US personal incomes jump ahead of New Year tax rise

Clerk counts out dollar bills
Image caption Despite the big jump in incomes, the growth in consumer spending slowed during the month

US personal incomes jumped 2.6% in December, the biggest monthly increase since 2004, as high earners sought to beat a New Year tax rise.

The month was marked by accelerated bonus and dividend payments, the US Commerce Department said.

Income tax cuts dating back to George W Bush's presidency were due to expire in the New Year as part of the "fiscal cliff" of tax rises and spending cuts.

Despite the boost to incomes, consumer spending rose only 0.2% in the month.

"Personal income in November and December was boosted by accelerated and special dividend payments to persons and by accelerated bonus payments and other irregular pay in private wages and salaries in anticipation of changes in individual income tax rates," the Commerce Department's Bureau of Economic Analysis said.

In the event, the tax rises went ahead only for individuals earning more than $400,000 (£250,000), as part of a last-minute deal negotiated between Republicans and Democrats in Congress to avert the fiscal cliff, with the top tax rate rising from 35% to just under 40%.

Capital gains tax also rose on 1 January.

Special factors

The 2.6% increase in incomes in December came on top of an unusually high 1% rise the month before.

Other factors also exaggerated the income increases in the two months, including lump-sum benefit payments handed out in December, and the loss of income for many in the New York area during October because of disruption from Storm Sandy.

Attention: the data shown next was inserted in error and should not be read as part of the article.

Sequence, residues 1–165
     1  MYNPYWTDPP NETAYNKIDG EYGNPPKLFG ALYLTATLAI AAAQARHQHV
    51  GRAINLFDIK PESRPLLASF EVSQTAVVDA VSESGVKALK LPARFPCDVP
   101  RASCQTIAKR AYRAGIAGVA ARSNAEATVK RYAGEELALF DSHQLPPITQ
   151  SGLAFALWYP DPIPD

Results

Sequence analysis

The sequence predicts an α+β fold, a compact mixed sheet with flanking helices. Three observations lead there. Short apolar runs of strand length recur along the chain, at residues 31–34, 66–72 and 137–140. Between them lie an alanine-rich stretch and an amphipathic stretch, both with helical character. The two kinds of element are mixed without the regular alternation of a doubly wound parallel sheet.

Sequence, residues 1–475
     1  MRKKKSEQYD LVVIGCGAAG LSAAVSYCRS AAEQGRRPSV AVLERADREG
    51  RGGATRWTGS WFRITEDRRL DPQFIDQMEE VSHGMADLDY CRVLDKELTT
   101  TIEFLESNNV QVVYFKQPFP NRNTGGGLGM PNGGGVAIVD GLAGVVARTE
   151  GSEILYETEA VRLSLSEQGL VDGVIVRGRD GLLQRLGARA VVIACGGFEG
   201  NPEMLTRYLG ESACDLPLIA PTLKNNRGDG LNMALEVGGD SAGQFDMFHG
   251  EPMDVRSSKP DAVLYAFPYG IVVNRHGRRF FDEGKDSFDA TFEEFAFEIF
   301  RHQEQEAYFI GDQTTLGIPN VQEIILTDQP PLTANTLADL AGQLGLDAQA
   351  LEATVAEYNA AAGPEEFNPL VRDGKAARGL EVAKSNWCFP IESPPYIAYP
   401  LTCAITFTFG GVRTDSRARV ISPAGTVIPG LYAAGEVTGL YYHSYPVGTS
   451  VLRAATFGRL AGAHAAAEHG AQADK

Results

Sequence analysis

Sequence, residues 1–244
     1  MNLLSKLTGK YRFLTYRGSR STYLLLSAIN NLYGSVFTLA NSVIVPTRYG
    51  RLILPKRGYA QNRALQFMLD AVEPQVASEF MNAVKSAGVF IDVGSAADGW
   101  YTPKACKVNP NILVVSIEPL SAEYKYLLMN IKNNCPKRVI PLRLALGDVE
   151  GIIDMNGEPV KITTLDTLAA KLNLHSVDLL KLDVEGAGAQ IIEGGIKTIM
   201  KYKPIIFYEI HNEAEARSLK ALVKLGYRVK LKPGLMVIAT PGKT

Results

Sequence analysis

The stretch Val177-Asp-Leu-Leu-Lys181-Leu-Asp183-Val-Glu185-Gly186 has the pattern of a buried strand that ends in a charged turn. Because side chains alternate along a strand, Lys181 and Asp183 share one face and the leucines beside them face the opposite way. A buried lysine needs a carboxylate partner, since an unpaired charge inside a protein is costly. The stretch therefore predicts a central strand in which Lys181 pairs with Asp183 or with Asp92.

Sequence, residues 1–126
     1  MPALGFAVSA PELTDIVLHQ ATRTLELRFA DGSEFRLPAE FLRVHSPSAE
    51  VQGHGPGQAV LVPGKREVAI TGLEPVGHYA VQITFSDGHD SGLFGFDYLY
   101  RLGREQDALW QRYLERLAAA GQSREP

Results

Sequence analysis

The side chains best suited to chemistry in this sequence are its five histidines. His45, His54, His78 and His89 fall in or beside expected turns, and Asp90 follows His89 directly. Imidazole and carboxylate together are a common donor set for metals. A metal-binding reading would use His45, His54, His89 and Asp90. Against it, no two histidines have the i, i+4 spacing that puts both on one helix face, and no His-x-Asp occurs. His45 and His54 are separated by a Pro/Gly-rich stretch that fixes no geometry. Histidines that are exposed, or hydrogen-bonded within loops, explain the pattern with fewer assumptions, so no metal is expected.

Excluding all of these special factors, incomes rose 0.6% in November and just 0.4% in December - in line with the trend increase during the rest of the year.

Most of the windfall income was not spent, with the US personal savings rate increasing from 4.1% of income in November to 6.5% in December.

Indeed, the seasonally-adjusted growth in spending slowed noticeably in the run-up to Christmas, from 0.6% in November to 0.2% in December.

"Consumers finally realised about the tax increase so they pulled back a bit on their spending during the holiday season," said Sam Bullard, senior economist at Wells Fargo.

Consumer spending is expected to remain weak in the New Year, owing to the impact of a rise in payroll taxes, also agreed as part of the fiscal cliff deal.

Personal incomes are also likely to experience a drag in January and over the coming months, reflecting the fact that most of the increase recorded in December was merely income that had been brought forwards.

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